Check to see if . To make it easier, use the fact that .
In general, if you want to find "rational" roots of an polynomial, try to do the following:
For a continuous function, in the neighborhood of a root, both negative and positive values exist. Since polynomials satisfy these conditions, you can look for sign-changes and then do bi-section to narrow on roots. Typical problems have "nice" rational numbers, so, this is more like an exam tip. For example,
(2x - 3)^3 = (4x^2 -12x + 9) * (2x - 3) = 8x^3 - 24x^2 + 18x - 12x^2 + 36x - 27 = 8x^3 - 36x^2 + 54x - 27.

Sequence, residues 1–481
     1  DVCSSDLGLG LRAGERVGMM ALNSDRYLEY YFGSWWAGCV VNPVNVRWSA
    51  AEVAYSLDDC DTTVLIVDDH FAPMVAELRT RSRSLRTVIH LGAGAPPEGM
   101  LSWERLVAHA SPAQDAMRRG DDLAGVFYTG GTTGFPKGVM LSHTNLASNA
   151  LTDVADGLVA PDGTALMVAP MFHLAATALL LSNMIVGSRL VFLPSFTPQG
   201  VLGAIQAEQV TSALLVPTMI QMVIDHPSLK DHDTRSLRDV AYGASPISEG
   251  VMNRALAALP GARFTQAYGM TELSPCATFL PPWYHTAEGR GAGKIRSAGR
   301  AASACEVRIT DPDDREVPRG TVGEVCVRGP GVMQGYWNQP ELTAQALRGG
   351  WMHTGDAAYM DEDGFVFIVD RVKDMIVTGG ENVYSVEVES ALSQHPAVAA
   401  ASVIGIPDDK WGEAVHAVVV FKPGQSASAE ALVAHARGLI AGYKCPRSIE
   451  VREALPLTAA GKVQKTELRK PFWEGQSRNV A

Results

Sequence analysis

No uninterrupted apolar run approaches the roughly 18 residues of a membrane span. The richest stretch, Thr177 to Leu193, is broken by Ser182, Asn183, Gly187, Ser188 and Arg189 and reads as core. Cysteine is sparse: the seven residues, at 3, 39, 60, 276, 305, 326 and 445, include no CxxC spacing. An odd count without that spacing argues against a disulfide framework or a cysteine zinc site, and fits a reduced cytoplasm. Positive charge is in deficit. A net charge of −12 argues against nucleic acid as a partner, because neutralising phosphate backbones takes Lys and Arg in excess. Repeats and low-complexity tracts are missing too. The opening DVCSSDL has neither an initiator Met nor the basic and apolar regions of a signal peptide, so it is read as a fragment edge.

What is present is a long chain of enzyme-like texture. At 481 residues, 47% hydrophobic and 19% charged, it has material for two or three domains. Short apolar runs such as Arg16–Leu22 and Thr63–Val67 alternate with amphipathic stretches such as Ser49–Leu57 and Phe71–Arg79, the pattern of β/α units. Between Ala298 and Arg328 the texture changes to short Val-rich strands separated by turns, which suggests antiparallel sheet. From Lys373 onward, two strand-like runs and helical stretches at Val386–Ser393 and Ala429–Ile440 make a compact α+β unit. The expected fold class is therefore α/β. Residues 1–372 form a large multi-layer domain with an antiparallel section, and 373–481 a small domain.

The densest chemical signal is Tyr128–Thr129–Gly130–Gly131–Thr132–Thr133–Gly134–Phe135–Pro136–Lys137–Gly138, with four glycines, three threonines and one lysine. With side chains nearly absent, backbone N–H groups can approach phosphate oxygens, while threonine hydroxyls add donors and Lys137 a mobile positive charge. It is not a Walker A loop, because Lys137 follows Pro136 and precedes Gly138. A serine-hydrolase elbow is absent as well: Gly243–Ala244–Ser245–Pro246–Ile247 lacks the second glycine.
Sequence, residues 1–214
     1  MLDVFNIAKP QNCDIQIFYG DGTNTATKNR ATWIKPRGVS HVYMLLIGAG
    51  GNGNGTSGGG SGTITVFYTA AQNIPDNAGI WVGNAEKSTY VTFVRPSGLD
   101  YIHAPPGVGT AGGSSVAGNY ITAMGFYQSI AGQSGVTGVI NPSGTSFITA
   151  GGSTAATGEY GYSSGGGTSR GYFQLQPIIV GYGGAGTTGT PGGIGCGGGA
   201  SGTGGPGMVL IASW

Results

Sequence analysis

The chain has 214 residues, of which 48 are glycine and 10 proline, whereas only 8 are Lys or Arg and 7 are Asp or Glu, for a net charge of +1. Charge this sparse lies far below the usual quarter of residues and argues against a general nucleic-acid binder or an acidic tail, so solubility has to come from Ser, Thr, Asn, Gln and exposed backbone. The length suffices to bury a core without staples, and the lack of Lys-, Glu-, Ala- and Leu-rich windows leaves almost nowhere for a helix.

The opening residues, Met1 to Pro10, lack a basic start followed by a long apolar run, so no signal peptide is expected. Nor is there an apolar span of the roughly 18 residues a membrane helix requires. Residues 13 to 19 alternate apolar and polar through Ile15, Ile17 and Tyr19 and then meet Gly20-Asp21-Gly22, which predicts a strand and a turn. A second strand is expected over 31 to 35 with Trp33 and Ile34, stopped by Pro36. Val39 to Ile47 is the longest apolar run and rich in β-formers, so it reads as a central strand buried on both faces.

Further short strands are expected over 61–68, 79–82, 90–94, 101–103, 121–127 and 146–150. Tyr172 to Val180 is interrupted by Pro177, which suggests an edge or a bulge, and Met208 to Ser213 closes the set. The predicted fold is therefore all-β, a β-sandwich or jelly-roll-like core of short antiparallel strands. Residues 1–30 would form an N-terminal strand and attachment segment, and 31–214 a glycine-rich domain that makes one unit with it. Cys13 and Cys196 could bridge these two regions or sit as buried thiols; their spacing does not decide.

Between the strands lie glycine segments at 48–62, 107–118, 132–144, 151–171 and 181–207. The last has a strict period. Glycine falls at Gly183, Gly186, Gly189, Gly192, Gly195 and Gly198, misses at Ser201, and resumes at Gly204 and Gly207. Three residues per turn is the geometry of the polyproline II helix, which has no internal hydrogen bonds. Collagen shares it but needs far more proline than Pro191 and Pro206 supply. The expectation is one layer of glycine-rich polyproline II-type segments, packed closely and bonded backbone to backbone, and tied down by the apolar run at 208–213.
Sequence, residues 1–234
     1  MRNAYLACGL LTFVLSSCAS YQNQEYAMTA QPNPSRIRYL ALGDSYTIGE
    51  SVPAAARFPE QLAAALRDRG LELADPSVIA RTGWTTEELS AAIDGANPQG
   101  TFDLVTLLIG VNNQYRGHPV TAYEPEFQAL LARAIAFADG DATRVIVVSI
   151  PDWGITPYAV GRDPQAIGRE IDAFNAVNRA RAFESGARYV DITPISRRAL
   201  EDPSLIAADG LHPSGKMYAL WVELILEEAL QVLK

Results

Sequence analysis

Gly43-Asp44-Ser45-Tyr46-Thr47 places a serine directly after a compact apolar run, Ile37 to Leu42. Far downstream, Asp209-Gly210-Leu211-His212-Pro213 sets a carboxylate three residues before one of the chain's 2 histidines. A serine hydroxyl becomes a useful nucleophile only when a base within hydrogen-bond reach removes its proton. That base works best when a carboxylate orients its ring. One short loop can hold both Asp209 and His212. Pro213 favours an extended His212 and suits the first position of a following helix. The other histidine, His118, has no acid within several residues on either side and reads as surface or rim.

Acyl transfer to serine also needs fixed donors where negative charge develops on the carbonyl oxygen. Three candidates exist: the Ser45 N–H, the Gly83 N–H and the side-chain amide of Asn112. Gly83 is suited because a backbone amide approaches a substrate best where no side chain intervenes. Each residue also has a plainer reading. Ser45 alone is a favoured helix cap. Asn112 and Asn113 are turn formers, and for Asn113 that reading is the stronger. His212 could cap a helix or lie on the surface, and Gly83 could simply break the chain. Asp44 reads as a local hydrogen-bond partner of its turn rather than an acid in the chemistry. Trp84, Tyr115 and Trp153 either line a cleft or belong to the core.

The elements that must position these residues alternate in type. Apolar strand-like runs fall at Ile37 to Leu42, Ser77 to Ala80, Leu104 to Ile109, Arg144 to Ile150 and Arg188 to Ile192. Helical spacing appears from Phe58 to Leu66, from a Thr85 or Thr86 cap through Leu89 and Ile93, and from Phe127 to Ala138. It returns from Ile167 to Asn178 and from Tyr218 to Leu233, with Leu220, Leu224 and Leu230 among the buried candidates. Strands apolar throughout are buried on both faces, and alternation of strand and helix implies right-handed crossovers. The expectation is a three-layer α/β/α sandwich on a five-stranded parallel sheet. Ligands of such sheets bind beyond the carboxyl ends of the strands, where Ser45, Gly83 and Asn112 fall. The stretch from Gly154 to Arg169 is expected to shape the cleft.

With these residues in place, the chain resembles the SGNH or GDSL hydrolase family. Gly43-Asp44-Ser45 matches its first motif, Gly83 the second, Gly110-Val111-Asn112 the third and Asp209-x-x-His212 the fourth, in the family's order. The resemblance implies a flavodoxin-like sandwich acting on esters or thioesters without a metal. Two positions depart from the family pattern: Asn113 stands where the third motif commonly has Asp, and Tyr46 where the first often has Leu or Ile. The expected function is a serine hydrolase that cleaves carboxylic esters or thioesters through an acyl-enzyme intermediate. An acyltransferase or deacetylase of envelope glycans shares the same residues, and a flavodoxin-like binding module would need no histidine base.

Consider its value at 0, which is -27, negative. Now consider it at 2, which is 1 that is positive. So, the zero must be somewhere in the middle. Now try 1, which is (0 + 2)/2, and so on... Remember, this can work if your roots are "nice" rational numbers, like 3/2, 5/4 etc... And, though it does not fail, you do not have infinite time to pursue this in exams, so, use it only to some extent, to get answer, otherwise, just switch to something else.
In order to verify for higher x, pair successive terms, you end up with small and manageable values. Like, 8x^3 - 36x^2 + 54x - 27 = 4x^2(2x - 9) + 27(3x - 1).